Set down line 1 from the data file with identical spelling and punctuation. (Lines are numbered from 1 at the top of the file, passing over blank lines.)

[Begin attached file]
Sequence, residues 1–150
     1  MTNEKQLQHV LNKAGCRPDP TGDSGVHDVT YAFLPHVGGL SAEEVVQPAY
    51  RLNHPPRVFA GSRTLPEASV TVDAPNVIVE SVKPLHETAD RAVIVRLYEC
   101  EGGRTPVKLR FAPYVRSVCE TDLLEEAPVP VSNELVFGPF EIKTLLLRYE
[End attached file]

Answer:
Sequence, residues 1–150